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    Quote Originally Posted by LAriverRat View Post
    First find out which leg is the problem by riding upclipped on one side, then the other.
    I've done that and it really helps since you can feel weaknesses in your stroke really easily. My left leg has a lot better stroke than my right.

    My pedal stroke is pretty ok to over 100rpm if I'm on power. If I'm trying to back off a bit or theres no resistance it all turns to **** though.

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    Elitist carleton's Avatar
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    Quote Originally Posted by McRussellPants View Post
    I've done that and it really helps since you can feel weaknesses in your stroke really easily. My left leg has a lot better stroke than my right.

    My pedal stroke is pretty ok to over 100rpm if I'm on power. If I'm trying to back off a bit or theres no resistance it all turns to **** though.
    This could be that one leg is longer than the other, either above or below the knee. Your saddle may be set at an optimal height for your left leg.

    That's the case with me. I used to use the "heel on the pedal" technique to set my saddle height and would get wacky height differences when I would periodocially check. I wasn't paying attention to which leg I was using for the test. I later found out that my left femur is 1cm longer than my right, making my left leg longer. I never understood why I liked having my saddle twisted to the left a bit. This was my way of shortening my left leg and lengthening the right in relation to the BB. I had a comprehensive bike fit and the fitter put me on a table and saw the discrepancy. This was remedied by adjusting my cleat on my left shoe. Now my saddle is back facing the center.

    I mentioned the 1cm difference between my two legs to a friend who is a Dr. of physical therapy, thinking that I was a freak of nature. She replied that 1cm is normal and she sees it all the time.

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    Senior Member kato7997's Avatar
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    Quote Originally Posted by LeeRoySD View Post
    Road cranks are 172.5/Track are 167.5. Position on both bikes is similar (just a touch more saddle to bar drop but similar reach). Same shoes and pedals...
    What about the saddle fore/aft position on each bike? The crank length difference will affect leg reach.

  10. #10
    Senior Member LeeRoySD's Avatar
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    Quote Originally Posted by kato7997 View Post
    What about the saddle fore/aft position on each bike? The crank length difference will affect leg reach.
    Similar. It is tough to really judge precisely as I suppose that where I actually sit on two different saddles probably varies more than the 5mm difference in cranks. I have a Romin on the Track bike as it better facilitates sliding around on it a bit and trying to share the load between my posterior chain and quads. I love the SMP on my road bike but it is much more of a "one position" saddle. I'll occasionally scooch forward on it for a sprint, but only for very short efforts as it is really hard on the junk and I can't really get all the way to the "rivet" on it.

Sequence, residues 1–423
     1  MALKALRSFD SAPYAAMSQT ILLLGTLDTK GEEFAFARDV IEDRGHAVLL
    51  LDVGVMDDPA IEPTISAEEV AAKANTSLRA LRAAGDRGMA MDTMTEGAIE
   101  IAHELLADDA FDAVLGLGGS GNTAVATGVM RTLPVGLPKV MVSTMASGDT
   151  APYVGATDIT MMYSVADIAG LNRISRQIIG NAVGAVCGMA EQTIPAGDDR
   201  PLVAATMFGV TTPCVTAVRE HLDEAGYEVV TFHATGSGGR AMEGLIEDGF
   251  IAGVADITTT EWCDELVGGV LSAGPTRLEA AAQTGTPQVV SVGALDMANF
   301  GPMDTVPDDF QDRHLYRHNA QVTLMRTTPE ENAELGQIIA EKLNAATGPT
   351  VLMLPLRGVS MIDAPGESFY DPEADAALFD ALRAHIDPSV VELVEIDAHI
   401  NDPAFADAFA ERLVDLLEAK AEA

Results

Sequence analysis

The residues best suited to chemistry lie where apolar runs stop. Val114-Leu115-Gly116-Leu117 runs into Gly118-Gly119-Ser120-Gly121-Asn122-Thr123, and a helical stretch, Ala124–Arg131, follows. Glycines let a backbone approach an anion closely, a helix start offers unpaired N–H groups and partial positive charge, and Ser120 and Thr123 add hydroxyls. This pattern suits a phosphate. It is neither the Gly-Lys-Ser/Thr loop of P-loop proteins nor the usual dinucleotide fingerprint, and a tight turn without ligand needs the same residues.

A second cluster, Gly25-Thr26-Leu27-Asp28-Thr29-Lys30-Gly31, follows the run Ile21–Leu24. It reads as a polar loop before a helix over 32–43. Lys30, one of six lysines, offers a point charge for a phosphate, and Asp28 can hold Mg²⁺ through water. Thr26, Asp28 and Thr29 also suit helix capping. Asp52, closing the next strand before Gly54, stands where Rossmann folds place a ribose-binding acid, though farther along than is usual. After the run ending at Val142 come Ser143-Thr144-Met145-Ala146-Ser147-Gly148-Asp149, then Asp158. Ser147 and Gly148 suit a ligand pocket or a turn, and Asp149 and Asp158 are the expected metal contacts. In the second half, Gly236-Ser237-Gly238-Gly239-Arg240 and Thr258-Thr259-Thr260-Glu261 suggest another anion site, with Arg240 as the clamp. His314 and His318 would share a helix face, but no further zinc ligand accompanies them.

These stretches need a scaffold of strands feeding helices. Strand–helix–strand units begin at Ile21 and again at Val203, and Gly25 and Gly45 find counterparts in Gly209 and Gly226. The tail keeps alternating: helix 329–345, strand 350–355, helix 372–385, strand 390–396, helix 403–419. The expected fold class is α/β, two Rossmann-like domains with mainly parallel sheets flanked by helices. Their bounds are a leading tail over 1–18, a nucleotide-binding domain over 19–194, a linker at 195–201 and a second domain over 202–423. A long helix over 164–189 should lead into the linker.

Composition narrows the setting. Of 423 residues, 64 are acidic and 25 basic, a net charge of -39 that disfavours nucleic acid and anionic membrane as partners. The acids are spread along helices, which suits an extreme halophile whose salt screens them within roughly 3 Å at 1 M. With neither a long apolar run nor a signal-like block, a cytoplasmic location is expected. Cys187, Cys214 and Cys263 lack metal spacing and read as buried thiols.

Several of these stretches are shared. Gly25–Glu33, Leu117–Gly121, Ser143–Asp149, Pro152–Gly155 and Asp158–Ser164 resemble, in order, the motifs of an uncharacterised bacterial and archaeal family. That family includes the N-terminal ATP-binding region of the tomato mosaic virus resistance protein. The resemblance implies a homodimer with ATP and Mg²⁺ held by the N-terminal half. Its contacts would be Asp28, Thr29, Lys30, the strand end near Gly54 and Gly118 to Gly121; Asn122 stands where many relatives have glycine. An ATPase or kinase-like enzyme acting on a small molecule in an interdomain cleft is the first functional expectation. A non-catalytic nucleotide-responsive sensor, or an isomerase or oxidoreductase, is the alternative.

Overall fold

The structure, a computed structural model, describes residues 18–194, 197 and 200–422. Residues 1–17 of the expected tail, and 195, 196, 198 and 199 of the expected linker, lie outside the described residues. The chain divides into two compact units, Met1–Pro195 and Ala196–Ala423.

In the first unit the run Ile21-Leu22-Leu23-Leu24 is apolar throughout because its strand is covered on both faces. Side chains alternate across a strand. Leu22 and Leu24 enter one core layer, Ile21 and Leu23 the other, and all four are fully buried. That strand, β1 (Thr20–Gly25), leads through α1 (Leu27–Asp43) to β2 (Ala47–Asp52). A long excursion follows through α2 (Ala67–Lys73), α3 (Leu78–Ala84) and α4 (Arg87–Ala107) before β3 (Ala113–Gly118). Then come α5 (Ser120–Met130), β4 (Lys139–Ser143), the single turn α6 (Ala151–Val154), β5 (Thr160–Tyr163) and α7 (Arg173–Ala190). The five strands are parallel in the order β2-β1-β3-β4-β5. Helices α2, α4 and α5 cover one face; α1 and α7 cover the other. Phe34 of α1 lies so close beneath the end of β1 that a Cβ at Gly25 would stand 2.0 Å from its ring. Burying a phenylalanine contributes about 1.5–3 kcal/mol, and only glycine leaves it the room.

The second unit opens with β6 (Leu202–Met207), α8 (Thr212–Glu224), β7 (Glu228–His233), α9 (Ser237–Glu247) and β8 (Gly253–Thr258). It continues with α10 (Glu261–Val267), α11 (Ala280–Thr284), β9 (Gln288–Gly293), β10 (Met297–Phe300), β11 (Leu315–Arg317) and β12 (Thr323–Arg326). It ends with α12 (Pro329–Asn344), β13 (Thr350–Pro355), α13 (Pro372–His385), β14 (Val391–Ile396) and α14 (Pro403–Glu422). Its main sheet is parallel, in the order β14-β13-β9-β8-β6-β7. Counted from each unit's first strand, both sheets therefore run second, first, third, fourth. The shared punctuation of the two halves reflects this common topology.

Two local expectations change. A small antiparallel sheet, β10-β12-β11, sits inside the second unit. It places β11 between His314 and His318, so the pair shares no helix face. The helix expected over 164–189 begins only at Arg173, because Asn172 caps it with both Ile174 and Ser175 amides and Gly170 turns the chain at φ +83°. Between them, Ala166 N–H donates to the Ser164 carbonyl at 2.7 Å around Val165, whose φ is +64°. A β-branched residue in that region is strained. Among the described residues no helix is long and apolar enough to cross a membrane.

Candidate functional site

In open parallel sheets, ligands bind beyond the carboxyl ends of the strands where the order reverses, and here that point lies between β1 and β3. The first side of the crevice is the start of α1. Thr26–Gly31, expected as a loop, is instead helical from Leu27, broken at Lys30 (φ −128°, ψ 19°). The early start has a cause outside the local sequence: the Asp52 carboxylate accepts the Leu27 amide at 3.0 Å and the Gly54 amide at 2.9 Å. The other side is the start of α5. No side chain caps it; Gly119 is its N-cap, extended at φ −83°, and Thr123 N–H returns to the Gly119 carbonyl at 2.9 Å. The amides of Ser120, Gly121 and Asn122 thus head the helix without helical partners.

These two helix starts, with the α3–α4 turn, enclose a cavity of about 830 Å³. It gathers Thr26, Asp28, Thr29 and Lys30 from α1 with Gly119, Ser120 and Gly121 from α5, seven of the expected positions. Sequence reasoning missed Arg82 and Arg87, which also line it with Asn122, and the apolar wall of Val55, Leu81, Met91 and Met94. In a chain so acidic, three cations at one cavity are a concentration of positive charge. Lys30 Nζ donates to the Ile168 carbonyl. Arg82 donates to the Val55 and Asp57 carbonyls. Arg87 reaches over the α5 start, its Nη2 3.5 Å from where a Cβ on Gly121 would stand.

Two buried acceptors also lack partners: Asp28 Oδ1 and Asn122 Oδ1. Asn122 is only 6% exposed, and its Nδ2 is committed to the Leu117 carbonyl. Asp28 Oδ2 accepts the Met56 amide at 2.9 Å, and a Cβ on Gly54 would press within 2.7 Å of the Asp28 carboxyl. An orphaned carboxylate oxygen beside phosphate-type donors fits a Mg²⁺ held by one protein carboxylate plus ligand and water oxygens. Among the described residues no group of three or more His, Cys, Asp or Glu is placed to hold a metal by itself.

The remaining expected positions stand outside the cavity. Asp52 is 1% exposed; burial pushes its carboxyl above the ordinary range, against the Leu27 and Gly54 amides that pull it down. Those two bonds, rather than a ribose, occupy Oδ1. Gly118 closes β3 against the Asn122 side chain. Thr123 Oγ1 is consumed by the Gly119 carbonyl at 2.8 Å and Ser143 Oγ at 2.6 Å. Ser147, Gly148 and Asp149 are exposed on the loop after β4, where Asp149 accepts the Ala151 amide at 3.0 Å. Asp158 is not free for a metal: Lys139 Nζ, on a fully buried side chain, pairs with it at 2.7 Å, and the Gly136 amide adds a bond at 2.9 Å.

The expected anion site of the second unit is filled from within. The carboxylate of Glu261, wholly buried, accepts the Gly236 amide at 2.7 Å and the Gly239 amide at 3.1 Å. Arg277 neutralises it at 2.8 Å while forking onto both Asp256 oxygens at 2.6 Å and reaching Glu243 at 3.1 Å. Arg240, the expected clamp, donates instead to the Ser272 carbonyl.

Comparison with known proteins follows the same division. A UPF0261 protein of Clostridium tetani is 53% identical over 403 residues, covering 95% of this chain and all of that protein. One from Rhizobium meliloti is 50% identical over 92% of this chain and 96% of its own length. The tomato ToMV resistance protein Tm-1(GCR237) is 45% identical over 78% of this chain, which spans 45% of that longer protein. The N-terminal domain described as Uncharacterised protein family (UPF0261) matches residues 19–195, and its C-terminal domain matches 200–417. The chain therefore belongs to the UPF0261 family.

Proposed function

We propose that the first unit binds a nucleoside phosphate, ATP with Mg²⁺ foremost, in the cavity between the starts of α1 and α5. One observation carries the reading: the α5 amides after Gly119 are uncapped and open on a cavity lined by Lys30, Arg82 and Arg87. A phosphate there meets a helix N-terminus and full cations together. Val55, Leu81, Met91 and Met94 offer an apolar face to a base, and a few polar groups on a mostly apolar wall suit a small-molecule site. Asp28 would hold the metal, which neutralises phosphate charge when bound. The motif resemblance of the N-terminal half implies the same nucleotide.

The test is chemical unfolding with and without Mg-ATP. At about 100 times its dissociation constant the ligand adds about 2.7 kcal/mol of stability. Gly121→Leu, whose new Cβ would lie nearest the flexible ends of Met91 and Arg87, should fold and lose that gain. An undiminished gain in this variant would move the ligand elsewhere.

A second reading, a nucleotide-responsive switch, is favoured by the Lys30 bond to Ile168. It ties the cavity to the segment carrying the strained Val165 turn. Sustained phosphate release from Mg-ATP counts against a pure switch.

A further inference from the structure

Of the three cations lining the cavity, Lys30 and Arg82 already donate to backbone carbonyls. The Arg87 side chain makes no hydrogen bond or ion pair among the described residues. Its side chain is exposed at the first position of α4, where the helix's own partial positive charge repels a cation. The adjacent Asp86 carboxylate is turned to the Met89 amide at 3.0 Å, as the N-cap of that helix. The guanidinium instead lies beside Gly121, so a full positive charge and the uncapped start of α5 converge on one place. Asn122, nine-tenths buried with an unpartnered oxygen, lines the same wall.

11. #11
    Senior Member LeeRoySD's Avatar
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    Quote Originally Posted by carleton View Post
    This could be that one leg is longer than the other, either above or below the knee. Your saddle may be set at an optimal height for your left leg.

    That's the case with me. I used to use the "heel on the pedal" technique to set my saddle height and would get wacky height differences when I would periodocially check. I wasn't paying attention to which leg I was using for the test. I later found out that my left femur is 1cm longer than my right, making my left leg longer. I never understood why I liked having my saddle twisted to the left a bit. This was my way of shortening my left leg and lengthening the right in relation to the BB. I had a comprehensive bike fit and the fitter put me on a table and saw the discrepancy. This was remedied by adjusting my cleat on my left shoe. Now my saddle is back facing the center.

    I mentioned the 1cm difference between my two legs to a friend who is a Dr. of physical therapy, thinking that I was a freak of nature. She replied that 1cm is normal and she sees it all the time.
    My right femur is a little over a cm longer than my left. My fitter chose to shim the left a bit (about 5mm) instead of moving the right cleat. I also have six degress of varus wedges in my left and 4.5 degrees in the right. It has really fixed my knee tracking and loading but I wonder if my stroke is still somewhat adjusting to the change. I rode probably 3-4k miles before the change and have done maybe 1.2-1.5k since.

    When you say "too far back in a power position"... does more setback increase power? I feel more powerful forward as it is easier to get more weight on the pedals that way. I do ride with my knees a little behind KOPS to keep a little more balanced (my broad-ish chest and big head must weight a lot) and keep from putting so much weight on my hands. Would (or should) reducing setback a little help in smoothing out?

    I did three 30 minute sessions on the rollers this week. I am definitely feeling a little smoother at 100-105 rpm. Racing tonight though, I still got super bouncy at about 125ish and backed off the sprint both times that I was in contention for points...

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    Senior Member bitingduck's Avatar
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    More forward is easier to spin, so when the speed gets high you'll get more power due to more RPMs.